AuthorChabot, Nancy Lynne
AdvisorDrake, Michael J.
MetadataShow full item record
PublisherThe University of Arizona.
RightsCopyright © is held by the author. Digital access to this material is made possible by the University Libraries, University of Arizona. Further transmission, reproduction or presentation (such as public display or performance) of protected items is prohibited except with permission of the author.
AbstractFrom the Earth to asteroids, numerous rocky bodies in our solar system are believed to have a metallic core at their center. However, due to the inaccessibility of these cores, fundamental issues, such as the composition of the cores or the processes of core formation and core evolution, are not well known. I have conducted both theoretical and experimental geochemical studies which have improved our understanding of the cores of terrestrial planetary bodies. The radioactive decay of K is an important planetary heat source, but the distribution of K in terrestrial planetary bodies has been debated. My experimental work, which examined the solubility of K in metal, shows no evidence for K to be an important heat source in metallic cores. The element pairs of Ag, Pd and Re, Os have been used to date core formation and core evolution events in our solar system. My experimental determination of the partitioning behavior of these important elements can be used to better understand their distribution in iron meteorites, our only samples of planetary cores. Simple fractional crystallization of a metallic core cannot explain the elemental trends observed within iron meteorite groups. I have developed a crystallization model which suggests slight inhomogeneities and mixing in the molten core were important during core evolution. As a metallic core crystallizes, liquid immiscibility may be encountered, which could significantly affect the subsequent evolution of the core. My experimental work suggests the role of liquid immiscibility during the crystallization of a metallic core is significantly smaller than the published phase diagram implies. These four topics, though each an independent project, together provide insight into the nature of the cores of terrestrial planetary bodies and the processes which affect those cores.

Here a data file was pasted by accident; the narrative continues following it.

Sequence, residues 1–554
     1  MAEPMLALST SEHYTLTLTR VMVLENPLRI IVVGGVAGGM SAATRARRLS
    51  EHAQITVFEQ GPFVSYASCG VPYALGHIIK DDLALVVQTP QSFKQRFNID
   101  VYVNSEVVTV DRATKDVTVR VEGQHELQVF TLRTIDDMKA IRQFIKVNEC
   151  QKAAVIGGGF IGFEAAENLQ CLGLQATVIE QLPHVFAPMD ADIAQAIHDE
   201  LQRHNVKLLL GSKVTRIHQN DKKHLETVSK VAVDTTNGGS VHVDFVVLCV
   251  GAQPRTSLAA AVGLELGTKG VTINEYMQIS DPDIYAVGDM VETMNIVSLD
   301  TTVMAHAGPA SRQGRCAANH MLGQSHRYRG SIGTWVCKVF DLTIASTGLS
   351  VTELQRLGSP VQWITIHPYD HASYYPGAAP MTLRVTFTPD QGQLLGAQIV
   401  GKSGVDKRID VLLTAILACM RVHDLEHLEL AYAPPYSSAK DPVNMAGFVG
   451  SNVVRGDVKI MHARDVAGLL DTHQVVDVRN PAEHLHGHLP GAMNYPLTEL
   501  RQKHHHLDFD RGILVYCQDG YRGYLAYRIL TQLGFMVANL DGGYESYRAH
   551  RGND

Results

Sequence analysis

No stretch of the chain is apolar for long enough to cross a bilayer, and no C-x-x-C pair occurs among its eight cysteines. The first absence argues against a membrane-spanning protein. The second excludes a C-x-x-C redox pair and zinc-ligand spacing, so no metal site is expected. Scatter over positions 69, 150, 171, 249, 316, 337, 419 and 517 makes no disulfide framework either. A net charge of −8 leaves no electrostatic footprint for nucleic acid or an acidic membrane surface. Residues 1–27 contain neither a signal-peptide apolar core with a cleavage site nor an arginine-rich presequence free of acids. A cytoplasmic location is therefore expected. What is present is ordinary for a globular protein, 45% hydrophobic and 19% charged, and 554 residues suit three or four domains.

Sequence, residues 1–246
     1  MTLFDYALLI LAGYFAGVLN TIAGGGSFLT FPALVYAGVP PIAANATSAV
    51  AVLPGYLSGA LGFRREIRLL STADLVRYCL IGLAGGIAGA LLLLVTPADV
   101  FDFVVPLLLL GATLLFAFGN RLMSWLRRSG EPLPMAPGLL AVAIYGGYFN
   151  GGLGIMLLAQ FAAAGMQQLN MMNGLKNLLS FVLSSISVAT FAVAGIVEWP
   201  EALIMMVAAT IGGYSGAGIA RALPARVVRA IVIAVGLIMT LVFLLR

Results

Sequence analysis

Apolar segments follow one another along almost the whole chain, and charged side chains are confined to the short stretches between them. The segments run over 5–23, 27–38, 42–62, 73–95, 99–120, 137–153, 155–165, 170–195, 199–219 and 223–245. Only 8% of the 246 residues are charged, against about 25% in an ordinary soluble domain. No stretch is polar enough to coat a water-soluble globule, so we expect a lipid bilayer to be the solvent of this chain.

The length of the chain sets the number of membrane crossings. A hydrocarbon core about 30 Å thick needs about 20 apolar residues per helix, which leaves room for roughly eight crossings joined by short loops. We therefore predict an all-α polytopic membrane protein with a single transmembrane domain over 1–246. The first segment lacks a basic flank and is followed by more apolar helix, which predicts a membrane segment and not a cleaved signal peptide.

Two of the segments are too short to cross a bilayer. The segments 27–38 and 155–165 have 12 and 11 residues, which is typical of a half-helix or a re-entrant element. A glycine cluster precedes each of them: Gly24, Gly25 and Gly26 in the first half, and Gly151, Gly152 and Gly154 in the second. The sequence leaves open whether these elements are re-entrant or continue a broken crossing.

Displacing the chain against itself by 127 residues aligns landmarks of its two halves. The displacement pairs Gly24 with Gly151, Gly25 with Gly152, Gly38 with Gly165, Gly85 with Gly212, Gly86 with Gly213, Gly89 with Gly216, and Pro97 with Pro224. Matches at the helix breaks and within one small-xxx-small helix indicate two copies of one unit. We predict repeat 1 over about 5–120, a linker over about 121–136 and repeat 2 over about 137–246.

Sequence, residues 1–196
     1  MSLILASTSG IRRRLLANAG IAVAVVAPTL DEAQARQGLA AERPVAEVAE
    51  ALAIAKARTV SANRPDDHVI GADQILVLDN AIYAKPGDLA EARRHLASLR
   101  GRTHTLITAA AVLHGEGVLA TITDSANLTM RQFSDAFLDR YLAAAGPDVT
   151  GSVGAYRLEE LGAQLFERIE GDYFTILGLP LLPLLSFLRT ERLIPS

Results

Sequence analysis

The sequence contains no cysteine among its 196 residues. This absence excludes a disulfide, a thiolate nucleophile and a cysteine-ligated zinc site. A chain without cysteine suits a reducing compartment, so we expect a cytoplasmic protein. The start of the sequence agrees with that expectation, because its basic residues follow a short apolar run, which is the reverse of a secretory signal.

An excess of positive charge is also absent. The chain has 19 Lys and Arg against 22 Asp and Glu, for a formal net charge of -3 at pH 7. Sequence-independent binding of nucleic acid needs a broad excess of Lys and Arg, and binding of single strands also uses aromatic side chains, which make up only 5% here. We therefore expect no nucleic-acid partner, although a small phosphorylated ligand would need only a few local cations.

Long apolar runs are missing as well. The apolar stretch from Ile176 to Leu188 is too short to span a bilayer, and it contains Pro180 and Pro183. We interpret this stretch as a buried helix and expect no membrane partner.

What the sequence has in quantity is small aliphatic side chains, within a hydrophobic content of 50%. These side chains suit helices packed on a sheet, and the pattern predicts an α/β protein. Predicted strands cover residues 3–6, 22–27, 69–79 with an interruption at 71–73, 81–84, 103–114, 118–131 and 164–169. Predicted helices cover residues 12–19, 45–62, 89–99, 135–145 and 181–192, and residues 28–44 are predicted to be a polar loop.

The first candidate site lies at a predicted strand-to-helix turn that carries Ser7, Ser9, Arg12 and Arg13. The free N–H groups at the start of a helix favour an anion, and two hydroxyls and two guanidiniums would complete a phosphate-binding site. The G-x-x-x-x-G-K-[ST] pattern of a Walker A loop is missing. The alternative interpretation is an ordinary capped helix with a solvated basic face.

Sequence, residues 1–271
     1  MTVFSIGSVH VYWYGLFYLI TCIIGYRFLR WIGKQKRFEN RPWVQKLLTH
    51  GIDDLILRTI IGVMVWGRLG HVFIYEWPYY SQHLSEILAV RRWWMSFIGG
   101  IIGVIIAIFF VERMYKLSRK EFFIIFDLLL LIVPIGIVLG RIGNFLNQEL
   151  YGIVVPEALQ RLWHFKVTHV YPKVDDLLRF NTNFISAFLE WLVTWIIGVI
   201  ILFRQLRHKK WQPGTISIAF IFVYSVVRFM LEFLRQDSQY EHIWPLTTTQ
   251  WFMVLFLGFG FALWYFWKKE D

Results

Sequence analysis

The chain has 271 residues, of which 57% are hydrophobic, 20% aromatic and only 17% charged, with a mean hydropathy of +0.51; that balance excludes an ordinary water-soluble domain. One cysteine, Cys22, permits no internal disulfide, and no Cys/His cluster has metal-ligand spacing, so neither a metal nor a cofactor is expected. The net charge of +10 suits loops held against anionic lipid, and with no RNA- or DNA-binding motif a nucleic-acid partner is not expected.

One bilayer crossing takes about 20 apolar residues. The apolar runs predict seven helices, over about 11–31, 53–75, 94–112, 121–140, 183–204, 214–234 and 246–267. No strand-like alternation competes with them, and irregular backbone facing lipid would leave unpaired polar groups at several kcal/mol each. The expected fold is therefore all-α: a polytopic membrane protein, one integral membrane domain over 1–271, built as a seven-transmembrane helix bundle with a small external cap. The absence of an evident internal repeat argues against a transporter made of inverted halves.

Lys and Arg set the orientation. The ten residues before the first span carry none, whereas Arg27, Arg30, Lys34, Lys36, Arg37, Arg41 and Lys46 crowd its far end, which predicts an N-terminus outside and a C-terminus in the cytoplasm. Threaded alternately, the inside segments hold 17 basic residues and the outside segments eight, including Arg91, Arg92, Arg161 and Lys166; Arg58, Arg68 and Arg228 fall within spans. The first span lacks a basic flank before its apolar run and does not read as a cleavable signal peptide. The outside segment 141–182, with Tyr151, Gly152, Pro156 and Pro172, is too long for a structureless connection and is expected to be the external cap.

Degree ProgramGraduate College